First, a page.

So what have electronic readers, a novella project, a new e-book, vooks, and Media Praxis’ web-based projects got to do with women who want to make movies? They’re relevant because they demonstrate new and comparatively inexpensive possibilities available to all of us storytellers who want to make movies, as much as for those of us who don’t. They also animate one part of the transmedia continuum, where fictions engage with the non-fictional story about how to develop opportunities for women storytellers to create their work and to control and benefit from its delivery.

As I consider how easily Hemingway’s can become a hybrid form of storytelling because of new screen-oriented publication options, I’m totally excited about the potential. If I want to, at very little cost, I can play with sound, images and hyperlinks as soon as I’ve got the story down, and invite collaborators to join in. I’ve found it challenging to choose among some of the possible storylines, and have multiple endings in mind. Who knows how useful that work will be if, for example, I find someone who’d like to develop a game from Hemingway’s?

My big screen will be a while. First I have to deal with post-student debt, along with dentist, optician, all the necessary stuff. But my guess is that by the time I’ve saved up, the screen and the other hard- and software available will do everything I want. And more, which is beyond me to imagine today.

This is my 99th blog post. The 100th—up tomorrow—will be about media convergence too. And because today it's a year since we spent two days filming Development, I've just added some Development images to our Facebook page, which I think you can look at without joining Facebook.


Popular posts from this blog

#Cannes2017 Excludes #WomeninFilm Who Bring Their Children

Palestinian filmmaker Annemarie Jacir’s track record is pretty impressive.

She has written, directed and produced over sixteen films. One of Filmmaker’s 25 New Faces of Independent Cinema and Variety’s Arab New Wave, two of her films have premiered as Official Selections in Cannes, one in Venice and one in Berlin.

Annemarie’s short film like twenty impossibles (2003) was the first Arab short film in history to be an official selection of the Cannes Film Festival and continued to break ground when it went on to be a finalist for the Academy Awards.

Her second work to debut in Cannes, the critically acclaimed Salt of this Sea (2008), went on to win the FIPRESCI Critics Award, and garnered fourteen other international awards including Best Film in Milan. It was the first feature film directed by a Palestinian woman and Palestine’s 2008 Oscar Entry for Foreign Language Film.

Her latest film When I Saw You won Best Asian Film at the Berlinale , Best Arab Film in Abu Dhabi and Best Film in…

'Water Protectors', by Leana Hosea

Leana Hosea's Water Protectors isabout ordinary women in Flint, at Standing Rock and on the Navajo reservation who have had their water poisoned and are at the forefront in the movement for clean water.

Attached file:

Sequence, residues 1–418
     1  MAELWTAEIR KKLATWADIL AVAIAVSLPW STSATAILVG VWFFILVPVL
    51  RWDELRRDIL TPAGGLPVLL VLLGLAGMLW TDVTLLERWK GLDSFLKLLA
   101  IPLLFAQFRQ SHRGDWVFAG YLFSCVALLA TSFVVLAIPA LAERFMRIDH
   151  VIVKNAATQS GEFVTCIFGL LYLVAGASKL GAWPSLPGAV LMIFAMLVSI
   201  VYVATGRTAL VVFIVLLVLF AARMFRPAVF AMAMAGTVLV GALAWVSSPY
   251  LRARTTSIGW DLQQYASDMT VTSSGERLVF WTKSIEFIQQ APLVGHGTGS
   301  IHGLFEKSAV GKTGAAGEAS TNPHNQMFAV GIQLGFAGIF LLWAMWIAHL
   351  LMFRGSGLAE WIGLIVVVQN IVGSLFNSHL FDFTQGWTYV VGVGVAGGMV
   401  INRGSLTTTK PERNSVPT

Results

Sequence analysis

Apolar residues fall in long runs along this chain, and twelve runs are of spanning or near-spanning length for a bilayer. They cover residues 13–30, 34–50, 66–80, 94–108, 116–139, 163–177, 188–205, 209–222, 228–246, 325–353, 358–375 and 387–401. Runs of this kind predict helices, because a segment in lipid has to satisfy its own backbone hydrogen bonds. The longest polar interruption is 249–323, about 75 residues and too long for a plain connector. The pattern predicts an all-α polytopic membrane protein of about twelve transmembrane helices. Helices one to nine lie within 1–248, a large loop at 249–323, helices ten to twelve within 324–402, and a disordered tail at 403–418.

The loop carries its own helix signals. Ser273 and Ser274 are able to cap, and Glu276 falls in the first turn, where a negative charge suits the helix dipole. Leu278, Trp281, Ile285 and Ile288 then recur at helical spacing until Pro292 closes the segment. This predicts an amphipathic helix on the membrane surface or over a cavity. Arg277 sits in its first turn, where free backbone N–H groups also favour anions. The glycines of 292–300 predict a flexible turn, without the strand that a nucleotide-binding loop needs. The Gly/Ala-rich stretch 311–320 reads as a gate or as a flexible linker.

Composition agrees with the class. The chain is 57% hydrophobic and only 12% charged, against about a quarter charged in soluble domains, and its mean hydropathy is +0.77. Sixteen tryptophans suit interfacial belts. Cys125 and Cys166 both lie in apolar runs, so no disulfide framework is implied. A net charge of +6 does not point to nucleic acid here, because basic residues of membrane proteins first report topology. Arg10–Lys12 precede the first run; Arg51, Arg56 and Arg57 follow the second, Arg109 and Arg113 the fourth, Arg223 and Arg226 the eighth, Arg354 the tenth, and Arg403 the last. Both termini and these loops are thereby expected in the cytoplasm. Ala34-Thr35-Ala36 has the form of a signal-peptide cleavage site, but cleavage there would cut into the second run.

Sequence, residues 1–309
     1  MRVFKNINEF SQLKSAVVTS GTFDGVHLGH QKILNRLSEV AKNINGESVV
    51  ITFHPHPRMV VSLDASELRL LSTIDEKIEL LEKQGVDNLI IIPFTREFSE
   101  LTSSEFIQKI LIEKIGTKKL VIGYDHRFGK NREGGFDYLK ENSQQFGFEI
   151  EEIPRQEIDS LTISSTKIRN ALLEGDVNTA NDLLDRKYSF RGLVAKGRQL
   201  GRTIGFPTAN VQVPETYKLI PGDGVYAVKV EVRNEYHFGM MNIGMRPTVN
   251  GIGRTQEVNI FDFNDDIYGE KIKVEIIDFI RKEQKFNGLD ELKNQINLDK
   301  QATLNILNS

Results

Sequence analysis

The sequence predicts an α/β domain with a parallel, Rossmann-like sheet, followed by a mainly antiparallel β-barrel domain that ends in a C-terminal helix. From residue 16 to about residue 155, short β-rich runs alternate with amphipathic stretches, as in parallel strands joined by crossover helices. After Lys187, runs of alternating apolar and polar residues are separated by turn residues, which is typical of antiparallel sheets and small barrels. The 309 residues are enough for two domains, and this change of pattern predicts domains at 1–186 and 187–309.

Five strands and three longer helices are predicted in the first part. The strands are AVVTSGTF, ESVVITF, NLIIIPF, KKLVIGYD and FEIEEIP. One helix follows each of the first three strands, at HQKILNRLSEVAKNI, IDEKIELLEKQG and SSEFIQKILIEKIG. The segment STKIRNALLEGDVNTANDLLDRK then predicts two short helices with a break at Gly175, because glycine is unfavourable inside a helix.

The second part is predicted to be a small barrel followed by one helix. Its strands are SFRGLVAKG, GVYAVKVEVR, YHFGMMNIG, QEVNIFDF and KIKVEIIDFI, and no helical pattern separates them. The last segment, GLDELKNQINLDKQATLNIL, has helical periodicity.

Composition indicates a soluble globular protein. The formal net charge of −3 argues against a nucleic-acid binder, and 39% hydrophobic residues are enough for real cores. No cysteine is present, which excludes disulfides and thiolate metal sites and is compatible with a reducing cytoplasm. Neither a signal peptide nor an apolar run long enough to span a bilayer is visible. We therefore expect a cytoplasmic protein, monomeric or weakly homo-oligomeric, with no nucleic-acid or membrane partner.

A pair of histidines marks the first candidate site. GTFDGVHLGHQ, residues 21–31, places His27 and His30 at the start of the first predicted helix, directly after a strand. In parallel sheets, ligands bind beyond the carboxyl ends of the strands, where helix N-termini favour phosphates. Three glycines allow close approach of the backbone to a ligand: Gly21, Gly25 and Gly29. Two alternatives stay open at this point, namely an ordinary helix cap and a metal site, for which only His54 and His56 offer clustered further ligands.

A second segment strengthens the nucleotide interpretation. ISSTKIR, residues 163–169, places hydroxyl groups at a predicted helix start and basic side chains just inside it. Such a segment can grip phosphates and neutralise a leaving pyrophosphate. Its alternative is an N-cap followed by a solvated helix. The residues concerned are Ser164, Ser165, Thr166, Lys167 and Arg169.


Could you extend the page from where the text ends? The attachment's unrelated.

Water is a big issue in Aotearoa New Zealand, too– the degradation of our waterways; drinking water contamination; the offshore sale of our pure water; the debate about Maori sovereignty over water, under Te Tiriti o Waitangi/ the Treaty of Waitangi, signed in 1840.  Partly because this has raised my awareness about the significance of access to water, my heart is absolutely with the women in Leana's work. And with Leana, editing through the night as I write this.

Leana is a reporter/producer for BBC's World Service Radio and has held many other roles within the BBC. As a highly experienced multimedia journalist she's originated ideas, fixed stories, written scripts, filmed and edited them.

She was a shoot/edit/reporter/producer for the BBC in Egypt during the revoluti…

Safety in Paradise?

Children play in safety on the beach beyond my window. Some aren't safe at home, but they do not die in rocket attacks. Along our promenade, this year’s most sustained sirens wailed from motorbike cavalcades, as they escorted royalty to and from the airport. At school, our children may arrive hungry. But they're safe from abduction. The closest I’ve ever been to a war is my parents' silence about 'their' war, refuge women's stories about men returned from wars and Bruce Cunningham’s stories, after I met him selling Anzac poppies. (He was a Lancaster pilot in World War II and then a prisoner-of-war and I’m making a short doco about him.)

Yes, in many ways Wellington, New Zealand is paradise and I’m blessed to live here and to benefit from love and generosity from women and men, my beautiful sons now among those men. But in an interview with Matthew Hammett Knott earlier this year, I found myself saying–
We have to deal with serial violation, direct and subtle, on…